The CORDEX-Australasia ensemble: evaluation and future projections.

Evans, J.P., G. Di Virgilio, A.L. Hirsch, P. Hoffmann, A. Reca Remedio, F. Ji, B. Rockel and E. Coppola
Climate Dynamics, doi: 10.1007/s00382-020-05459-0, 2020.


A new regional climate projection ensemble has been created for the Australasia region as part of the World Climate Research Programs Coordinated Regional Downscaling Experiment (CORDEX). The CORDEX-Australasia ensemble is the largest regional climate projection ensemble ever created for the region. It is a 20-member ensemble made by 6 regional climate models downscaling 11 global climate models. Overall the ensemble produces a good representation of recent climate. Consistent biases within the ensemble include an underestimation of the diurnal temperature range and an underestimation of precipitation across much of southern Australia. Under a high emissions scenario projected temperature changes by the end of the twenty-first century reach ~5 K in the interior of Australia with smaller increases found toward the coast. Projected precipitation changes are towards drying, particularly in the most populated areas of the southwest and southeast of the continent. The projected precipitation change is very seasonal with summer projected to see little change leaning toward an increase. These results provide a foundation enabling future studies of regional climate changes, climate change impacts, and adaptation options for Australia.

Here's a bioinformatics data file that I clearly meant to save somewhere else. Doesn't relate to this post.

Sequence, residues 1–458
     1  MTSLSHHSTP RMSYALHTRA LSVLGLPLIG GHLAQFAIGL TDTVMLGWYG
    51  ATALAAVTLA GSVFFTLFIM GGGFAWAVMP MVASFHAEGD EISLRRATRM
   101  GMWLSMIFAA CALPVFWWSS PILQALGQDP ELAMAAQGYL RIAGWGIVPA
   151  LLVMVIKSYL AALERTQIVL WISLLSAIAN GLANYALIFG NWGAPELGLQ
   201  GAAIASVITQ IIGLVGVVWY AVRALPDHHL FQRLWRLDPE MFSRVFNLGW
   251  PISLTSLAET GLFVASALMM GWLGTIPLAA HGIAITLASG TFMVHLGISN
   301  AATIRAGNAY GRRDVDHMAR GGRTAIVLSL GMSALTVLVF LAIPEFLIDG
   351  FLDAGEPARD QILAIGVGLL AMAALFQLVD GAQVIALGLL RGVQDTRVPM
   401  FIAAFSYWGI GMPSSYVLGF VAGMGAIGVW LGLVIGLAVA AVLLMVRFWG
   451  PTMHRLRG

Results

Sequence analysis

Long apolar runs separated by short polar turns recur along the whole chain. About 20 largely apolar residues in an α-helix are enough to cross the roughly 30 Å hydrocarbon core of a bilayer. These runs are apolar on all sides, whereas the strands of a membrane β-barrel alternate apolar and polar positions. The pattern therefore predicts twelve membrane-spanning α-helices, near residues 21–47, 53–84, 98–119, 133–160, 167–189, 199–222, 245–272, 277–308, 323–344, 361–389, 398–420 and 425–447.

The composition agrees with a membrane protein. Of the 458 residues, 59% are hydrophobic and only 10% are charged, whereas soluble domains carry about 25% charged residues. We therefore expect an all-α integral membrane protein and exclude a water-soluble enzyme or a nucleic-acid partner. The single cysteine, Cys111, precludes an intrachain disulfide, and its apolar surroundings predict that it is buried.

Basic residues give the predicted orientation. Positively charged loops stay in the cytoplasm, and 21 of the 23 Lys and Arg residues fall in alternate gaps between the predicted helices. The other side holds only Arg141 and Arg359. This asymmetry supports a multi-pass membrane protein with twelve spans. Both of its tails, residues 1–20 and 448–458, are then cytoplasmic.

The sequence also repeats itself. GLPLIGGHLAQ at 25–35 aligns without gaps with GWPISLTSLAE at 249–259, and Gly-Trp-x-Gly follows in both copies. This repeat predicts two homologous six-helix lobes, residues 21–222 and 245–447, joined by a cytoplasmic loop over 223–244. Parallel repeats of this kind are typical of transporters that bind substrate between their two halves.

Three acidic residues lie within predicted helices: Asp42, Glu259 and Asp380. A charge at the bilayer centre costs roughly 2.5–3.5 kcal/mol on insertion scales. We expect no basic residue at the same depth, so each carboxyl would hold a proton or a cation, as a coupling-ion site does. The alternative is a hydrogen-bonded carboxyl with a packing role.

Key Figure

Figure 11. a, d, g, b, e, h historical (1976–2005) and far-future (2070–2099) mean ensemble annual variable extremes; c, f, i ensemble mean cli- mate change signal (far-future minus historical) for variables extremes. Significance stippling (⍺ = 0.05) for the ensemble mean biases follows Tebaldi et al. (2011). Statistically insignificant areas are shown in colour, denoting that less than half of the models are significantly biased. In significant agreeing areas (stippled), at least half of RCMs are significantly biased, and at least 75% of the signifi- cant RCMs agree on the direction of the bias. Significant disagreeing areas are shown in white, and are where at least half of the models are significantly biased and less than 75% significant models agree on the bias direction.

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